Saturday, February 2, 2013

Manga and the Philippines

A recent trip to Manila got me thinking about manga in the Philippines. Given the long history between US and the Philippines and the strong connection till today, when and why the turn towards manga? Part of the global trend? Any resistance given the traditional stronghold the US comic art style has over the Philippines?

I found my answer in pages 132 to 134 of John Lent's The First One Hundred Years of Philippine Komiks and Cartoons (2009). I will quote extensively here.

Basically, Japanese manga and anime is much responsible for the renewed interest in comics in the Philippines. Anime was a formidable force in the country before Marcos banned it, especially "Voltes V", in the 1970s. (Fans remembered the beloved series well - celebrity cosplay photographer, Jay Tablante, was gushing about "Voltes V" when we met him in Manila)

By the late 1990s, manga and anime had made a comeback with Filipino artists doing their own manga in magazines like Culture Crash and Questor. Other titles like Mango Jam and the Mangaholix series appeal to the Filipino manga consumers - mainly females in the 8 to 25 age bracket and buying their books at specialty comic shops and bookstores.

Not all were happy about the manga invasion. Gerry Alanguilan, for one, felt it was inappropriate to use a style that is so uniquely Japanese and to call it "Philippine-made comics." He said that in 10 years of observing Filipino artists who started out with manga, he did not find any who have evolved their own style. Manga's "danger" is that it has a strong and recognizable group style not found in American comics drawn by artists from other parts of the world. (of course, this is debatable - is the style of Ardian Syaf from Indonesia and Carlo Pagulayan from the Philippines that much different from their counterparts in America?)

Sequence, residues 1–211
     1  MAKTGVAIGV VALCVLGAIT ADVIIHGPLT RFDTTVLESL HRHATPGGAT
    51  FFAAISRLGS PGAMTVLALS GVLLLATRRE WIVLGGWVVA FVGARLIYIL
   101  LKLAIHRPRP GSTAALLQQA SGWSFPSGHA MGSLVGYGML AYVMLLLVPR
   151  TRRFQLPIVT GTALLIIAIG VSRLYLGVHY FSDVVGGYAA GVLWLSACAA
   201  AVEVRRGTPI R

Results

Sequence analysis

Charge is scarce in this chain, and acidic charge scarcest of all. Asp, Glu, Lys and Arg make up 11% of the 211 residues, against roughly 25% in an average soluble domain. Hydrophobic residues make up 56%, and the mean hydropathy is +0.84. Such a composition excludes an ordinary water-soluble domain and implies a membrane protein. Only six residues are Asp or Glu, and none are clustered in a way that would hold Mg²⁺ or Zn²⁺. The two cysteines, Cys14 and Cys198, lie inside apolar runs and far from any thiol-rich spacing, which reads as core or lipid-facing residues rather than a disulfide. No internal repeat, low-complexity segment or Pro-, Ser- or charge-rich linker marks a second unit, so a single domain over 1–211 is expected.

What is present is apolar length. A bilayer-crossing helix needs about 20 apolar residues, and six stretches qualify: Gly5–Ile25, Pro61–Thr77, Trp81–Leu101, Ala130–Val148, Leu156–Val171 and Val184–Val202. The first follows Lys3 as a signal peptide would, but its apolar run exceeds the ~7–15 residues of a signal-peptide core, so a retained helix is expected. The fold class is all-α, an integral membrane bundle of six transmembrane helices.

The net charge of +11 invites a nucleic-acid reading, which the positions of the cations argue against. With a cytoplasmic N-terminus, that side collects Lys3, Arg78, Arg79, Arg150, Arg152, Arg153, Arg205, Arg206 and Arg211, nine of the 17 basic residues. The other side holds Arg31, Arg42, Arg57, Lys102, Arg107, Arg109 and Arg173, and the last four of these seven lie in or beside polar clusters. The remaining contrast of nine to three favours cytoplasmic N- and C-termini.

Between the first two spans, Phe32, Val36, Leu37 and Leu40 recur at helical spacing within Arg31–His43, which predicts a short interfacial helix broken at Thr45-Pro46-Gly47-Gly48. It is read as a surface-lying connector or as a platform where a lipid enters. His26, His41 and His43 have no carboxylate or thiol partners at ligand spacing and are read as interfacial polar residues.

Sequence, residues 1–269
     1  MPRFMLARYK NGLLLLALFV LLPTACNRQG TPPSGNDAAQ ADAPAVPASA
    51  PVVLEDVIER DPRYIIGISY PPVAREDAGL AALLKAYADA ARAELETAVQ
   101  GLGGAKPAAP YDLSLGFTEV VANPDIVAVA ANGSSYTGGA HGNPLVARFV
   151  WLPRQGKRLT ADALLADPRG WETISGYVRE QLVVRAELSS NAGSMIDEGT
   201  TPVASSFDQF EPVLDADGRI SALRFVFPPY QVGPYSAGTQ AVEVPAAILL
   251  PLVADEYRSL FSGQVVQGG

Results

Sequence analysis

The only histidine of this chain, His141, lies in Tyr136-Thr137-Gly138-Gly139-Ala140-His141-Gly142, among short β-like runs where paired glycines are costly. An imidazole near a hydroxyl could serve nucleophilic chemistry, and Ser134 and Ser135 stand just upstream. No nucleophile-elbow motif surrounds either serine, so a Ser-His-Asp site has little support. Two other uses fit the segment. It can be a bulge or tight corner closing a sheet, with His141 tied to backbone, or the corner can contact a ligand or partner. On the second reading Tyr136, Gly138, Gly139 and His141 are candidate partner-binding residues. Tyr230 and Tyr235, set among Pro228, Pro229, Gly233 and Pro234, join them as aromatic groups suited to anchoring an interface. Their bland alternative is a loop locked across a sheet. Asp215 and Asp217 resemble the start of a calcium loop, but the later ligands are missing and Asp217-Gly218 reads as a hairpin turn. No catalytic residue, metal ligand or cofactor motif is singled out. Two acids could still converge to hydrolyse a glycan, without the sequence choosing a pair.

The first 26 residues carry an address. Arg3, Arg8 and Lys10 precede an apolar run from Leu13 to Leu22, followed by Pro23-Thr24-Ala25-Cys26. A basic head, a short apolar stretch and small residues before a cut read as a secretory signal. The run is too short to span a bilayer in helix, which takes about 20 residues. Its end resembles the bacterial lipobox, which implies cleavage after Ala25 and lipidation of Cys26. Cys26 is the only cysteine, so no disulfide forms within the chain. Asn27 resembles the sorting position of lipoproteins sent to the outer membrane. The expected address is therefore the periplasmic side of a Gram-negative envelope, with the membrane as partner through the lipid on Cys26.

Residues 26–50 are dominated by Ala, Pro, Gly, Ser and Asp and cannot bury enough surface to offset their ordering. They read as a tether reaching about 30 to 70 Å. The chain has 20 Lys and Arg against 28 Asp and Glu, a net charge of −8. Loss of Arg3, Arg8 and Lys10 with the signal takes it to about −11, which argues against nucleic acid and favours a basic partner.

Alanguilan went on to say:

"Our culture is defined more by what we create, than by what we consume. We are no less Filipino when we eat Japanese food, and although we are no less Filipino citizens when we use Japanese art to create Filipino comics, it does put into spotlight that we no longer have a voice of our own."

Pretty strong words from one of giants of Filipino comics today.

However, for artists like Melvin Calingo (aka Taga-Ilog), he felt that it was "strange and utterly unfounded" that by accepting manga, Filipinos were accepting and promoting a foreign culture. Claiming the major difference between Japanese and Philippine manga was the audience, Calingo pointed out the unique qualities of Pinoy manga to be:

a) having Philippine cultural and linguistic nuances and local settings
b) being oriented to the youth subculture compared to the mainstream in Japan
c) using Philippine humor, drama and cultural values even in fantasy stories

Calingo felt that manga had been appropriated and transformed into something "quite unlike itself back in Japan." For him, Pinoy manga "suggest an intermarriage of influence between Filipino ingenuity and the usage of Japanese and American aesthetic conventions in creating comics."

Writer Joel Chua said that the decision of Filipinos to imitate manga was pragmatic because more work opportunities opened up for artists working in that style.

As in elsewhere, the Japanese government has promoted manga in the Philippines as a valuable cultural and financial export. Filipino artists have been encouraged to enter international and other manga competitions organized by the Japanese Foreign Ministry.

For more info, see Herbeth Fonddevilla's article, "Contemplating the Identity of Manga in the Philippines" in International Journal of Comic Art, 9:2 Fall 2007: 441 - 454.

I will be writing more about this in the next few posts.

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